I wanted to replace the right-hand side of the standard prompt with the Kubernetes
cluster info.

Inspecting the standard powerlevel10k_classic theme json file (which I copied / pasted into my new custom-10k file from the –print-config command above) I found this content:

{
  "type": "prompt",
  "alignment": "right",
  "segments": [
	{
	  "type": "session",
	  "style": "diamond",
	  "foreground": "#D4E157",
	  "background": "#546E7A",
	  "leading_diamond": "\uE0B2",
	  "properties": {
		"postfix": " <#26C6DA>\uE0B3</> "
	  }
	},
	{
	  "type": "time",
	  "style": "plain",
	  "foreground": "#D4E157",
	  "background": "#546E7A",
	  "properties": {
		"time_format": "15:04:05",
		"postfix": " \uF017 "
	  }
	}
  ]
}

The segments used by default are the “session” and “time” segments. I replaced the segments array with this:

"segments": [
  {
    "type": "kubectl",
    "style": "diamond",
    "foreground": "#D4E157",
    "background": "#546E7A",
    "leading_diamond": "uE0B2",
    "properties": {				
      "prefix": " \uF1D1 "
    }
  }  
]

That was the only change I needed to make to the file – and I was happy with the results!

So updating my PROFILE to set the new theme updated my prompt as shown at the top of this post. Awesome!!

Kubectl Segment Notes

The “context name” and “namespace” are what are shown here – and this name can be different than the API endpoint. I set the context name to something a little more human-readable than the cluster endpoint. It’s the context.name and current-context values in a kubeconfig file that come into play here.

To quickly switch between contexts (which are each defined in different kubeconfig files for me), I set up the following functions in my PowerShell PROFILE:

function Set-Kubectl-Aws-ConsumerIdentity-Sat()
{
  $Env:KUBECONFIG = "C:\users\dahls\.kube\sat-context"
} 

function Set-Kubectl-Aws-ConsumerIdentity-Dev()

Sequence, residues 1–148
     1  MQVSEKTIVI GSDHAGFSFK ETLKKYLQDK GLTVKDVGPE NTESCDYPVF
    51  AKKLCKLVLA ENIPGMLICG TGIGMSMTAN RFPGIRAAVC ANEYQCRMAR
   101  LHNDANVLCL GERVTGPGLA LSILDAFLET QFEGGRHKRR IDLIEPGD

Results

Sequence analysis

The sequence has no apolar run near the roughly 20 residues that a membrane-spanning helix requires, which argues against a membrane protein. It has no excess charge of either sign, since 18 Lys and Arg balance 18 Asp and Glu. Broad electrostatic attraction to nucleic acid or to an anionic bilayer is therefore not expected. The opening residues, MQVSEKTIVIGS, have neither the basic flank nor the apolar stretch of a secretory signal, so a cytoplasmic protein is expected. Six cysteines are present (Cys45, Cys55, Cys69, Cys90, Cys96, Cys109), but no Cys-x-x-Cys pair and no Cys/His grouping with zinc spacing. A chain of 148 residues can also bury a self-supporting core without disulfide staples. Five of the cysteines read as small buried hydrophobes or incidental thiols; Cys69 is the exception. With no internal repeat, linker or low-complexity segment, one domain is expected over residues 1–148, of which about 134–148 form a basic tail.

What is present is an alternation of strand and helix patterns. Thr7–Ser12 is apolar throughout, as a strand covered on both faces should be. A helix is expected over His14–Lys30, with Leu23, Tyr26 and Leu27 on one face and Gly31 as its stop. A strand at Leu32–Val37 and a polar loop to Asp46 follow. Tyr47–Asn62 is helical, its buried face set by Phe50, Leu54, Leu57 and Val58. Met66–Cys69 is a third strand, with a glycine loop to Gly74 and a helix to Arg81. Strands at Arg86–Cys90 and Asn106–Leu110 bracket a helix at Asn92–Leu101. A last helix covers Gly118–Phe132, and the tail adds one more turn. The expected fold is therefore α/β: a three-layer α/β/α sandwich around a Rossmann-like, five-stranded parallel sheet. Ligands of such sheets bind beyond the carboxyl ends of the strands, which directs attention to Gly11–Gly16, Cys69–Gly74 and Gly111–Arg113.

{
  $Env:KUBECONFIG = "C:\users\dahls\.kube\dev-context"
}

function Set-Kubectl-CaaS-NonProd()
{
  Set-ExecutionPolicy Bypass -Scope CurrentUser
  c:\users\dahls\downloads\ucp-bundle-erik.dahl@workplace.com\env.ps1
  Set-ExecutionPolicy Unrestricted -Scope CurrentUser
} 

function Set-Kubectl-Local()
{
  $Env:KUBECONFIG = ""
}

Cool Part 3: Finding a Character For the Prefix

This part – and the \uF1D1 Prefix value above – rely specifically on the font you are using for your prompt.

I’m using the recommended MesloLGS NF font, and that \uF1D1 is the little symbol that shows up to the left of the kubernetes context info.

If you’re using the MesloLGS NF font, you can use this handy cheatsheet as possibly the best and easiest way to identify the character / icon you want. You can search or browse from there.

If you’re on Windows, you can also use the Character Map app and choose the MesloLGS NF font within it (which is what I did since I didn’t know about the cheatsheet first). Then it’s just a matter of looking through all of the different icons available (there are a LOT) until you find one that you want to use for the prefix (or postfix).

You provide the value for the character (and I put a leading and trailing space on it), and you should be good to go!

That’s it for this post – happy prompting! 🙂